Part of the thrill of being a lead in dance is being able to create the framework and shape the dance into something beautiful and creative. With a good follow, you can create magic on the floor. Better yet, you can do so effortlessly.
But sometimes, leaders get so wrapped up in doing what they want that they forget about their follow.
Last month, a group of us danced outdoors by Niagara Falls after Canada Zouk Congress. It was gorgeous, beautiful, and honestly a magical experience. There was, however, one caveat: we were dancing on concrete.
A Note about Concrete:
For those of you who don’t know, dancing on concrete as a follow is not easy. Dance shoes get shredded in no time, bare feet shred skin instead. The only shoes that tend to stay on your foot in an outdoor setting tend to be rubber soles that don’t spin well. Sometimes, you can find a pair of shoes that has a slippery enough sole, but it isn’t easy and they don’t tend to last long.
I was leading and following on this particular day. As a result, I was in a unique position to really appreciate how bloody hard it was to dance full-out on the pavement. At one point, I asked one of my favourite follows in attendance to dance. She was hesitant because spinning on the floor was hurting her knees, but she still really wanted to dance.
So, I told her I would dance with her – with no spins.
It was hard. It was really, really hard to dance an entire song without defaulting to spins. As a lead, you get so used to defaulting to your patterns – and spinning a follow is a nice cop-out in a lot of situations. It allows a lead to do something “fancy” while taking away from the fact that they just completely lost where they are, or aren’t sure what else to do.
When you take away a crutch like that, you force your creativity to come out. I had to do more body manipulation, more travelling in straight lines, and more creative movement than I’ve ever done in my life. In situations where I couldn’t find an alternative, I had to lead through it at 1/2 time or slower to make it plausible on concrete.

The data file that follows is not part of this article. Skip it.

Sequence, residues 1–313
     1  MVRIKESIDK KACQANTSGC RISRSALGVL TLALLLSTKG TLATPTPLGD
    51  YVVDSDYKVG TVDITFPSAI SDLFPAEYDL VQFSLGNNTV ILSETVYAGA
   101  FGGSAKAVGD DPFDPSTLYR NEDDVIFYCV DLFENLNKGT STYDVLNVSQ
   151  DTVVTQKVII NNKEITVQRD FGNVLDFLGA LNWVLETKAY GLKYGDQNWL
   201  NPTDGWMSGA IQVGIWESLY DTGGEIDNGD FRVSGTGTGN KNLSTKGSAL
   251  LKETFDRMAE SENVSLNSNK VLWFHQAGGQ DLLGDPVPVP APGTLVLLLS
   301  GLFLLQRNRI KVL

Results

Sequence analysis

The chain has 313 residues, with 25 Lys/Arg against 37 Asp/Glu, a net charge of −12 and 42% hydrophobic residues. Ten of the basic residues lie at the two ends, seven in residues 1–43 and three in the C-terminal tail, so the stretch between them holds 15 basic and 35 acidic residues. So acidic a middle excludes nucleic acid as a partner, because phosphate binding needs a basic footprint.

But, all this rethinking my dance was worth it, because it proved that I respected and cared for the follow I was dancing with. At the end of the song, I was able to say “See? No turns” – and she was able to enjoy a dance without throwing her knees out.
This is too rare – and my follow told me so too.
As follows we have all experienced the lead who went beyond our limits in a particular situation. Many times, it is even a lead that we usually like who just didn’t respect our conditions on a particular day – like the concrete. In partner dance, it is so critical to take care of your partner first – particularly if you are a lead.
What is involved with respecting your partner?
- The conditions: Is it crowded? Bad floor? Sticky floor? All of these are hazards that disproportionately tend to affect follows. Pay attention to them, and adjust the dance.
- Her conditions: Is he/she new? Injured? Tired? Did they just walk in from the cold and are not yet warmed up? The best thing you can do for a follow is to take these into account without her having to ask or speak up. Anticipate the need by putting yourself in their shoes.
- Your conditions: Are you new? Are you warmed up or injured? Are you drunk, or even a little tipsy? Ask yourself how this will affect your partner.